'It just adds up:' Ahead of busy weekend of gatherings, grocery shoppers reflect on inflation

’It just adds up: ’ Ahead of busy weekend of gatherings, grocery shoppers reflect on inflation

WEST ALLIS, Wis. (CBS 58) -- Food is set to be among the centerpieces for gatherings this weekend as people celebrate Easter, Passover, Brewers tailgating and Bucks watch parties.

But those events are more expensive than last year because of inflation.

"We're doing Easter, the traditional ham," Maria Sachin of Milwaukee told CBS 58. "This year we're changing plans. No potato salad, we're doing cheesy potatoes." Sachin was among shoppers at Rupena's Fine Foods in West Allis. So were Paul and Karen Weis.

"We're going to Good Friday service tonight and then the Easter service on Sunday," Paul said. "Our son's coming over for dinner on Sunday afternoon and then they're going to the Bucks game," Karen shared.

Shopping for those events is causing people to take a second look at their wallets and budgets.

"I've been cutting back a little bit on everything, not driving as much," Sachin said.

"It seems like we're spending 40 to 60 dollars more every time we go to the grocery store," Karen Weis said. "It just adds up."

The USDA's food price outlook for 2022 found its consumer price index for food is up 7.9 percent from February 2021, the largest increase since May 1981.

"It just seems as though it's one thing after another that is just creating this pressure on prices," Steven Deller, a professor at UW-Madison, told CBS 58 in an interview.

Deller said the causes of inflation are vast and they include the impact of bird flu on the poultry industry, continued issues with supply chains -- both lingering from the pandemic and due to current political issues -- and the war in Ukraine affecting global energy prices and the cost of feed for livestock. Forecasts show prices will likely continue to increase in the coming months, but may come down by the end of the year. But feed costs may determine when shoppers can expect relief at grocery stores and supermarkets, Deller says.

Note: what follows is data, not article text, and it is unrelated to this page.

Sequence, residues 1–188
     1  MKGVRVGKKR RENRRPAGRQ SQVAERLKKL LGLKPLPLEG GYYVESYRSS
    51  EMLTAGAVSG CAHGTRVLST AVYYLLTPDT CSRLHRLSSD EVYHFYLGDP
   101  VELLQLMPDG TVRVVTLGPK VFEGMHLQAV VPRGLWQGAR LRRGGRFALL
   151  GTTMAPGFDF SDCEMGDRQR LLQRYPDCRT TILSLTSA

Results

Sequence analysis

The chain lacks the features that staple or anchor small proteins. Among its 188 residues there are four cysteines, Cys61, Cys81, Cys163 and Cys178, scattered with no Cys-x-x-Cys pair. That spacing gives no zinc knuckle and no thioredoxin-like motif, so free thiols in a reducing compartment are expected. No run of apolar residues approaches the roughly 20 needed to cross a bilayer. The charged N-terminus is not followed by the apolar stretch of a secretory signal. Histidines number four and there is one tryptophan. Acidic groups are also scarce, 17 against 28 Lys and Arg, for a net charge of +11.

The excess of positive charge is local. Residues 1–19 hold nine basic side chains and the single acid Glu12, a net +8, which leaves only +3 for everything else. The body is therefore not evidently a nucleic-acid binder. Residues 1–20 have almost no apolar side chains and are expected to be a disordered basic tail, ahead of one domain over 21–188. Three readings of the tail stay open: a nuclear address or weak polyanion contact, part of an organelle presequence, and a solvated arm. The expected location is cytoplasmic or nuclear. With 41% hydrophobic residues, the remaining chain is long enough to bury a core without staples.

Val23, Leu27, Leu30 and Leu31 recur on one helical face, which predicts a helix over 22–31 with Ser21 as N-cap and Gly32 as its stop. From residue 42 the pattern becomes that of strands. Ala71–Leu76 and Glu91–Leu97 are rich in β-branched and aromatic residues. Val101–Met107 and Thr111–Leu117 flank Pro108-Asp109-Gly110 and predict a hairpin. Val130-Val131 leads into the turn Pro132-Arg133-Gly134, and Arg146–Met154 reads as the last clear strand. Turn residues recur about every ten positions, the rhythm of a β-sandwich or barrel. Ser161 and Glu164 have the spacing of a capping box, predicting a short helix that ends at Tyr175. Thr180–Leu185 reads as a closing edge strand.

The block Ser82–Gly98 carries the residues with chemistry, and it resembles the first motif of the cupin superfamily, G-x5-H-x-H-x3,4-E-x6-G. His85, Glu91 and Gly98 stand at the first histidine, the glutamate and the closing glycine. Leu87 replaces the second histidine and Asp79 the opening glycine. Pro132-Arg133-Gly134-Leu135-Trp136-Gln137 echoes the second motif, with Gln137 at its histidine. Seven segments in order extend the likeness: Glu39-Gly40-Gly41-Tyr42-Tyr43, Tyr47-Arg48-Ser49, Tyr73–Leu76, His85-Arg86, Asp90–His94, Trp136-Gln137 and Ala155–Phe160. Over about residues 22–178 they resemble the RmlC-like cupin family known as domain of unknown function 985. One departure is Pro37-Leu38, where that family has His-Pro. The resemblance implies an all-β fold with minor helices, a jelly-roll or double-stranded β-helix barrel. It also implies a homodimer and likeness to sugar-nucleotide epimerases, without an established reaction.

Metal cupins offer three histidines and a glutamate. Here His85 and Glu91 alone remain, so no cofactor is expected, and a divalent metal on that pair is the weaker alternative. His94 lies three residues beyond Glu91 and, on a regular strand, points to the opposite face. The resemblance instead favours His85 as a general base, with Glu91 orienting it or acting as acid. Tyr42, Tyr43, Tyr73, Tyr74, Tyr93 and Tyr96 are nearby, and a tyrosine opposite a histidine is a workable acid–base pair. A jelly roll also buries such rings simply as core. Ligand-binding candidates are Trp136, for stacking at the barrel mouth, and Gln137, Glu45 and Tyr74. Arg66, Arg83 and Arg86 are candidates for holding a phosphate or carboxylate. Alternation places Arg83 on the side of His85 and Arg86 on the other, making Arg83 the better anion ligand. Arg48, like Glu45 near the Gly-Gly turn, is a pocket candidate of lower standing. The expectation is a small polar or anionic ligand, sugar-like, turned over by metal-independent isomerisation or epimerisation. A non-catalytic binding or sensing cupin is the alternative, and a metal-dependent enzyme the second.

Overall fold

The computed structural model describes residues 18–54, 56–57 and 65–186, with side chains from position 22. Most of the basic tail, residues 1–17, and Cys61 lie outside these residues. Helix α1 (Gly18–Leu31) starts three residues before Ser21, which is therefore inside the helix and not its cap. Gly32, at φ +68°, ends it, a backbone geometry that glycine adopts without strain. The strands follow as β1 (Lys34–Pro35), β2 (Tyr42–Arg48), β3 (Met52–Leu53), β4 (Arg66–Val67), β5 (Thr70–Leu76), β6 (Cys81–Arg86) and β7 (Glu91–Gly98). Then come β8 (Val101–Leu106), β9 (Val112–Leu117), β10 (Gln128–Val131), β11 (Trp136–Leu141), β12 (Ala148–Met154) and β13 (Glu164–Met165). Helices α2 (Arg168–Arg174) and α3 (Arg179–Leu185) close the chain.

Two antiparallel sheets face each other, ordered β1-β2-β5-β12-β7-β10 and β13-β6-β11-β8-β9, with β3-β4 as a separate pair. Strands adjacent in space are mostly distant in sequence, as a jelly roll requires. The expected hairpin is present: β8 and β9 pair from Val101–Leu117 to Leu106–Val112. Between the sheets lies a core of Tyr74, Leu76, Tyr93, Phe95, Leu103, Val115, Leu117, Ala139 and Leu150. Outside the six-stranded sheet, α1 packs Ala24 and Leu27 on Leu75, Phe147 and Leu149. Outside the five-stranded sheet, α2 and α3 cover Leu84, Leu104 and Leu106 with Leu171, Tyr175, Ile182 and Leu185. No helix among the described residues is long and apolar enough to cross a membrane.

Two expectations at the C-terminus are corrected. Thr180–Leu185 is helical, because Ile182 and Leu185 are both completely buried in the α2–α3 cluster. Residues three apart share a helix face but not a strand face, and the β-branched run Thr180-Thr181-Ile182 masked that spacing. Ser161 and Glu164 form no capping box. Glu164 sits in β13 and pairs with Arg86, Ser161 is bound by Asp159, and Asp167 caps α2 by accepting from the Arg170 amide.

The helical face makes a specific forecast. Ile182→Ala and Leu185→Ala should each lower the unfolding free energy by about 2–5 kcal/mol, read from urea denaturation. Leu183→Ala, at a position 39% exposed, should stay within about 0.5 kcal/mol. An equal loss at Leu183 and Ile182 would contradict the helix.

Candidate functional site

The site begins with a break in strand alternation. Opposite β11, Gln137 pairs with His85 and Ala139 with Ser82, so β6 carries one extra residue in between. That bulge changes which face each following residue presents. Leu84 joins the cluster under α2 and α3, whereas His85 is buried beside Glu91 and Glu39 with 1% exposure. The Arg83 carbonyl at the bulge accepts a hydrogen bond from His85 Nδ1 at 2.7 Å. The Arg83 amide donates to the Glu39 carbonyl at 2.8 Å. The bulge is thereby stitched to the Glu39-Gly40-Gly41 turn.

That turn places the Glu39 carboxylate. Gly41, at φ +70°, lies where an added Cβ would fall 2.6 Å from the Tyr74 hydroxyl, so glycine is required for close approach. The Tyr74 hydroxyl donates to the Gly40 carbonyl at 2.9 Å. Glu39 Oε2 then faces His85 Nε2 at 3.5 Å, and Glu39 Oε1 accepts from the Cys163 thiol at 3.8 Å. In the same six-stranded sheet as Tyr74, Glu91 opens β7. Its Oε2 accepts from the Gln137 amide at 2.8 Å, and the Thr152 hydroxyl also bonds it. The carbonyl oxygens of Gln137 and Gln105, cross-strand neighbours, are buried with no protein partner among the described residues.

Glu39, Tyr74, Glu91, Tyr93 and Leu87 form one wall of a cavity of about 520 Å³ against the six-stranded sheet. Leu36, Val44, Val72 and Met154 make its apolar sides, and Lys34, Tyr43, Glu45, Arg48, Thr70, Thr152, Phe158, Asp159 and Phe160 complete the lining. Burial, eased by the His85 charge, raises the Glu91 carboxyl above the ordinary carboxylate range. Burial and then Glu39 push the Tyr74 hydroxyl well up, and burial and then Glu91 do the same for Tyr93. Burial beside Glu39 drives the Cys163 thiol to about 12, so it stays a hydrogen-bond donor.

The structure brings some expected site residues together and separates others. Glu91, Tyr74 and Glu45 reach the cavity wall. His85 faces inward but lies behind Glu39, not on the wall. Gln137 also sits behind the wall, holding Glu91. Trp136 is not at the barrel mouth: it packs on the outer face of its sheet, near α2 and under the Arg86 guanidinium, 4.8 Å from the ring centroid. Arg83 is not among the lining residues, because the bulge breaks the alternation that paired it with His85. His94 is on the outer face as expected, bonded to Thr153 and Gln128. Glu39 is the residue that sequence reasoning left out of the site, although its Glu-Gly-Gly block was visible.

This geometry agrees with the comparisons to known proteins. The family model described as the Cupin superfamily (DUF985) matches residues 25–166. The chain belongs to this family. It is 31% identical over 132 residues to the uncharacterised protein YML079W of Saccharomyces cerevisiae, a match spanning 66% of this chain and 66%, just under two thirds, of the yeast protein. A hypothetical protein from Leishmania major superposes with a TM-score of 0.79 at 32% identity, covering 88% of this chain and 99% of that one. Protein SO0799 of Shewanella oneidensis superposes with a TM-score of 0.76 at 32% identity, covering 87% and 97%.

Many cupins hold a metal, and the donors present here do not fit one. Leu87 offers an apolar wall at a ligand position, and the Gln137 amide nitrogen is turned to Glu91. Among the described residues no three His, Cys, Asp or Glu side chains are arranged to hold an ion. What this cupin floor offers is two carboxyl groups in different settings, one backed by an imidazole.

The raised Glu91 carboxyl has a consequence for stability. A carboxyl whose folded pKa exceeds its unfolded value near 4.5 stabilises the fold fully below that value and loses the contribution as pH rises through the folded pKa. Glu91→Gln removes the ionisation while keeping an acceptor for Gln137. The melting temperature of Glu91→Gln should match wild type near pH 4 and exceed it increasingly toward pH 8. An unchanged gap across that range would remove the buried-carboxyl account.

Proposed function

"A lot of it is going to hinge on what [Ukraine's] growing season is like," Deller explained. "If we have a really good growing season, it's going to put downward pressure on these prices, if we have a poor growing season then we could be talking next year before food prices start to stabilize a little bit."

Deller added many consumers did not live through the spikes in inflation in the late 70s and 80s, and therefore have a tough time adjusting to the current economic climate.

For now, shoppers said they are hoping to enjoy the weekend with loved ones.

"Just the fellowship and being together is a big thing, and especially after the past few years, yeah, it's great to be able to gather together again," Paul Weis said.

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